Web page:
Americans' attitudes about working parents are changing, according to a new study.
According to a new study, our collective attitude regarding moms as caregivers/dads as breadwinners is finally starting to change, focusing more on individuals' family needs and less on gender.
"Americans no longer buy into this notion that gender is the most important defining criteria in how families operate," sociologist Kathleen Gerson, who co-authored the study, told The New York Times. "Americans increasingly understand that families face a lot of pressures, and they don't make these judgments about what men and women should be doing."
It's about time!
Researchers polled 2,452 people about eight different family and work situations, and found that 92 percent of Americans now favor mothers working in many situations, and as many as 77 percent now give the thumbs up to dads not working when it is more ideal to stay home. Those decisions varied based on things like childcare and job satisfaction, and whether or not they were a dual-income home, however.
For example, only 10 percent of respondents thought married mothers who were not satisfied with their jobs or childcare and whose families did not need the income should work. But that number flew up to 92 percent when it was single moms who liked their jobs and their childcare and needed the money. When a family needed the mom's income but she was unhappy with her childcare, only about 58 percent supported the idea of her working full time.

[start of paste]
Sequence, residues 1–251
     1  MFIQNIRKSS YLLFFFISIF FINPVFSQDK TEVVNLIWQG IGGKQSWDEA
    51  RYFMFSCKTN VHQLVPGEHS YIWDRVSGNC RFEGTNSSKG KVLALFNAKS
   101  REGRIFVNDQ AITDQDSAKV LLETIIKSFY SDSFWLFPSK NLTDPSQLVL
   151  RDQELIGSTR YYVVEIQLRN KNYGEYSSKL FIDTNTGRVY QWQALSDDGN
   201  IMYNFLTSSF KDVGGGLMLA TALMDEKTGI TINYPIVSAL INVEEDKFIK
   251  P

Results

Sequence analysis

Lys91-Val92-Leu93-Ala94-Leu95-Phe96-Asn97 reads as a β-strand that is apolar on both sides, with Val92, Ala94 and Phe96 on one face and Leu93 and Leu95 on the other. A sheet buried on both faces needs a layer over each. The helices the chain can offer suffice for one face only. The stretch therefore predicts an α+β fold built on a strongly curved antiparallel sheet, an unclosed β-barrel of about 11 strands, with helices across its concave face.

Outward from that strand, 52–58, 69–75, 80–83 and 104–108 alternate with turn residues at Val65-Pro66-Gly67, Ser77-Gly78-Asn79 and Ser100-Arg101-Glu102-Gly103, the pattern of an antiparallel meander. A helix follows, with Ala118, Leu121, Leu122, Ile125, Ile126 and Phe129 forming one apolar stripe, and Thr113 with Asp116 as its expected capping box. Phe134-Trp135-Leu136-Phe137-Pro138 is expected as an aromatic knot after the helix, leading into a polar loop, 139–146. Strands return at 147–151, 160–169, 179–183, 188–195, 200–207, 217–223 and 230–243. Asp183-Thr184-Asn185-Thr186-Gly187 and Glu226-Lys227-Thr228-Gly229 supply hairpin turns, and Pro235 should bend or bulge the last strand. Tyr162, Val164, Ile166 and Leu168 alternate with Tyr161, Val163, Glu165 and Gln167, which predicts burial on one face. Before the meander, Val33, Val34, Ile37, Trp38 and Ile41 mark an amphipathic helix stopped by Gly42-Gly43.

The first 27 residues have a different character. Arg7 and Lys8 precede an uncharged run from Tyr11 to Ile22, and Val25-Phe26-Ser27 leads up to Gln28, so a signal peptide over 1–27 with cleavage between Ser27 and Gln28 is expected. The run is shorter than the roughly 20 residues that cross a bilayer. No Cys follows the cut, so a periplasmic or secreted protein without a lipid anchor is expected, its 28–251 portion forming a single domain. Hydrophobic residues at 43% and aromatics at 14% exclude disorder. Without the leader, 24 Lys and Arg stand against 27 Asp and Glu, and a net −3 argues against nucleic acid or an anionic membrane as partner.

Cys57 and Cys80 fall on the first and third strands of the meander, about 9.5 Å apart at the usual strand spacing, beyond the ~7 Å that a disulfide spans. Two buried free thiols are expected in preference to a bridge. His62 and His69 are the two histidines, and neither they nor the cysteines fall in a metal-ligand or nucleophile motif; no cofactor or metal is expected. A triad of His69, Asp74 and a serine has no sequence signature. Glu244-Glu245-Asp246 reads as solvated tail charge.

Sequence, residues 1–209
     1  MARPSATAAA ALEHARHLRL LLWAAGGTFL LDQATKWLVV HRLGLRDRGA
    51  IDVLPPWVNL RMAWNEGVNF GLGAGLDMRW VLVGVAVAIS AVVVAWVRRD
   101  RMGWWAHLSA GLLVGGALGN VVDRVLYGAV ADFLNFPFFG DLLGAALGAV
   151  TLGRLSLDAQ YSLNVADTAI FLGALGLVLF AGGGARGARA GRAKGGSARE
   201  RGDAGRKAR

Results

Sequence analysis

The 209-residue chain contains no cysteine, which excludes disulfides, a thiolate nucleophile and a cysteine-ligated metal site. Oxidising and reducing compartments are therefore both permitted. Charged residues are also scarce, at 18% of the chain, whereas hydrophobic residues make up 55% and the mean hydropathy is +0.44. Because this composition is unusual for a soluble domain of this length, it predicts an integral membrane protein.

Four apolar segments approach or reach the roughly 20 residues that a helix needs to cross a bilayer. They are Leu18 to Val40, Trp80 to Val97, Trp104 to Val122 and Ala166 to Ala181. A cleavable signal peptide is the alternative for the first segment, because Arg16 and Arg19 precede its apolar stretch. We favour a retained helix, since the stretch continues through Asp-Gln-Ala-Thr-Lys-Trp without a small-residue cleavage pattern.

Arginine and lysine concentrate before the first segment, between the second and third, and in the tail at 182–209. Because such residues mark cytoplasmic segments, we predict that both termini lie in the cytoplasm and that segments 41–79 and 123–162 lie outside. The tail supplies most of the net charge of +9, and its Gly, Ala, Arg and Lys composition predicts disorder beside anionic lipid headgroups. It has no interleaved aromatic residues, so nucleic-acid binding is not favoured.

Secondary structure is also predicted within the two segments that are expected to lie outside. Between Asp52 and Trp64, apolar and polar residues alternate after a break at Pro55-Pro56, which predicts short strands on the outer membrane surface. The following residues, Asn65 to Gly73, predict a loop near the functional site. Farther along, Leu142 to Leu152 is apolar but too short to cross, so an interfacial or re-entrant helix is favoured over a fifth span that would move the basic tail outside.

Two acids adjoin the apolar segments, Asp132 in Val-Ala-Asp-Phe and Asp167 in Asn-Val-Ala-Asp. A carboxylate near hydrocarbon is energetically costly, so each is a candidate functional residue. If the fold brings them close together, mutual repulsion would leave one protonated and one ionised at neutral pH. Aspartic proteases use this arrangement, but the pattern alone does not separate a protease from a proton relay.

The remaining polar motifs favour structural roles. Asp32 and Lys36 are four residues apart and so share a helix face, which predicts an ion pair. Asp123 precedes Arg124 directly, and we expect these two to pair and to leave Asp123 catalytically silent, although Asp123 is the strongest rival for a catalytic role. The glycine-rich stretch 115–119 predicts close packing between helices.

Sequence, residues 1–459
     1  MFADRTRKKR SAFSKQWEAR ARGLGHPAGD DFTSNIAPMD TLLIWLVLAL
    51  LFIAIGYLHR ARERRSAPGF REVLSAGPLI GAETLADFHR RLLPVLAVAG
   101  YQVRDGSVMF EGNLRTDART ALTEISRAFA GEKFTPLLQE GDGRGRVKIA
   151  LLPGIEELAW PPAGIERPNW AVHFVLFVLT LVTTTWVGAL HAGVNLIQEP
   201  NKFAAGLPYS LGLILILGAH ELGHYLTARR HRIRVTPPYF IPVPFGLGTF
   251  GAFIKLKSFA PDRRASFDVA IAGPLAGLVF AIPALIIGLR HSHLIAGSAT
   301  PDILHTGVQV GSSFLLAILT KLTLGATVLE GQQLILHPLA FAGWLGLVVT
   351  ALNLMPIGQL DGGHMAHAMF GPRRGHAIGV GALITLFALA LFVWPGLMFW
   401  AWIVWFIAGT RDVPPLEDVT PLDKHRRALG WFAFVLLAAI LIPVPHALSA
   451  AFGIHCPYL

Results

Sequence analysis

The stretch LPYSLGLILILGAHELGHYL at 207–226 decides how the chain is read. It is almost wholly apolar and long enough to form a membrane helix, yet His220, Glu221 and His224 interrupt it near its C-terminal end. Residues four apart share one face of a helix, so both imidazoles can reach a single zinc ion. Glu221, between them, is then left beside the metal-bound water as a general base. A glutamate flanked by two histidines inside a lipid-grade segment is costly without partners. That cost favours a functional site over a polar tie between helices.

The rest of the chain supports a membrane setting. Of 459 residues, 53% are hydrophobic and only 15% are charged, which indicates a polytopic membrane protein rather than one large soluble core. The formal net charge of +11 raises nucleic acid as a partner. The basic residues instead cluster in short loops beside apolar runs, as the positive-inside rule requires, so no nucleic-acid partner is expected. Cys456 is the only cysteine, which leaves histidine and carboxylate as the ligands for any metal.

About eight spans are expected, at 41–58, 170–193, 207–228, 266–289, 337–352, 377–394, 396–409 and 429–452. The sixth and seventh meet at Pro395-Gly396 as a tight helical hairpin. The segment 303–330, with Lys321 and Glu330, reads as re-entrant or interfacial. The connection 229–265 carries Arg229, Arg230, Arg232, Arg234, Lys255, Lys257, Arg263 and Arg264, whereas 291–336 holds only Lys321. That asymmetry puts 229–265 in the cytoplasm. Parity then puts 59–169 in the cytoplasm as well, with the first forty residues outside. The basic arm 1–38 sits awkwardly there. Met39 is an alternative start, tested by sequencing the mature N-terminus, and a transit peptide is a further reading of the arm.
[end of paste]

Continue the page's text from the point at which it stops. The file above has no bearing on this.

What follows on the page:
Support for working dads was all over the place, too, ranging from 23 percent for married fathers who were unsatisfied with their jobs and childcare and did not need the income, to 97 percent for those in the opposite situation.
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And this appears to be the biggest shift in attitude. "We still have a breadwinner ideal for most men," sociologist Scott Coltrane told The New York Times. "But when it comes down to practical, everyday decisions that parents are making, especially in dual-earner families, there's been huge changes." He pointed to more job options and converging earnings for men and women as a driving factor.
Those factors have also helped change the national debate from whether or not mothers should work to how policies could help working parents, said Gerson.
"Our institutions have not caught up with those cultural changes," she said. "We don't provide the satisfying flexible jobs, the high-quality child care, and the economic resources that allow people to actually make the decisions that they deem best for themselves and others."
Based on this study, I think it's probably time we start.